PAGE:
Purpose: Two phase I dose-escalation studies were conducted to determine the maximum tolerated dose (MTD) and safety profile of the G2 checkpoint abrogator CBP501, as a single agent and in combination with cisplatin. Experimental Design: Patients with advanced solid tumors were treated with CBP501 alone (D1/D8/ D15, q4w, from 0.9 mg/m2), or with cisplatin (both on D1, q3w, from 3.6 mg/m2 CBP501, 50 mg/m 2 cisplatin). Dose escalation proceeded if dose-limiting toxicity (DLT) was observed in 1 or less of 3 to 6 patients; CBP501 dose increments were implemented according to the incidence of toxicity. MTD was determined from DLTs occurring during the first two cycles. Results: In the combination study, the DLT was a histamine-release syndrome (HRS) occurring 10 to 60 minutes after initiating infusion that was attenuated by prophylaxis comprising dexamethasone, diphenhydramine, ranitidine, and loratadine. The MTD was 25 mg/m2 CBP501 and 75 mg/m2 cisplatin, with two patients at the highest dose (36.4 mg/m2 CBP501, 75 mg/m2 cisplatin) experiencing grade 3 HRS. The only DLT with monotherapy was transient G3 rise of troponin in one patient. Grade 3 to 4 treatment-related events were rare. Promising activity was observed with CBP501/cisplatin, mainly in ovarian and mesothelioma patients who had previously progressed on platinum-containing regimens. Among ovarian cancer patients, low expression of DNA repair proteins was associated with partial response or stable disease. Conclusions: CBP501 is well tolerated in patients as monotherapy and with cisplatin. At the recommended phase II dose (RP2D), the combination is feasible and HRS manageable with prophylaxis. Evidence of antitumor activity was observed in platinum-resistant patients.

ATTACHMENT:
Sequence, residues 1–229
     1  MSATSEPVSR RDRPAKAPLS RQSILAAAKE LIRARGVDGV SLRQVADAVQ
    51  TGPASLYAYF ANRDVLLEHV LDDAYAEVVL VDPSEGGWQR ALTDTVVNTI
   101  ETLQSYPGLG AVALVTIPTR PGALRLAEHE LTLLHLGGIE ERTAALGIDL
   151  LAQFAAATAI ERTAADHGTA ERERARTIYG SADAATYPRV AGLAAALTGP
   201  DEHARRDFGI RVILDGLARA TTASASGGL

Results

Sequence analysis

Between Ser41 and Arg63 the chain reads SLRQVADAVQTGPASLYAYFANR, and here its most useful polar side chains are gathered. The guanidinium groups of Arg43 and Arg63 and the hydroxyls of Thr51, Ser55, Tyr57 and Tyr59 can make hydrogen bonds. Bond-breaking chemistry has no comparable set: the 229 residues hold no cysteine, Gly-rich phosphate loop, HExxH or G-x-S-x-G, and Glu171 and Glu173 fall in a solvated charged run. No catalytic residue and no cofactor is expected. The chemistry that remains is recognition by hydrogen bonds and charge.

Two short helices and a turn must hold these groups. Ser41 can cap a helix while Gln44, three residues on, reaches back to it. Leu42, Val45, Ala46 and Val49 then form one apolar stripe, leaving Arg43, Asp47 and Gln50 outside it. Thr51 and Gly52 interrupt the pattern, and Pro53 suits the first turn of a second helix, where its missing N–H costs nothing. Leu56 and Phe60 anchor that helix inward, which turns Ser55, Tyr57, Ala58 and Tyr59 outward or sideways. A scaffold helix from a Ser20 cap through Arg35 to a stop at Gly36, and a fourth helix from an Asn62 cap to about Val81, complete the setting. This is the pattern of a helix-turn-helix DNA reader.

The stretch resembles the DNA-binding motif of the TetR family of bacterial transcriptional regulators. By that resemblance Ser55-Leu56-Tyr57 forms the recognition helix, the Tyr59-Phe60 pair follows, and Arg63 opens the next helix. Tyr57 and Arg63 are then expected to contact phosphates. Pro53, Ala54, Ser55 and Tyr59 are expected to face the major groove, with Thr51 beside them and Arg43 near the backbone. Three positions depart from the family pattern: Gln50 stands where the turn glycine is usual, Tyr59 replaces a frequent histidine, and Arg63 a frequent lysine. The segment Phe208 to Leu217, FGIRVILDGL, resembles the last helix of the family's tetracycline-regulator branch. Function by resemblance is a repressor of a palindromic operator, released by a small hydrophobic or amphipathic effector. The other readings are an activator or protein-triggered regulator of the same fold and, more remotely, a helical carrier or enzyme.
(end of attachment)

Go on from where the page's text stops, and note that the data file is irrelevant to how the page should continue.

ASJC Scopus subject areas
- Cancer Research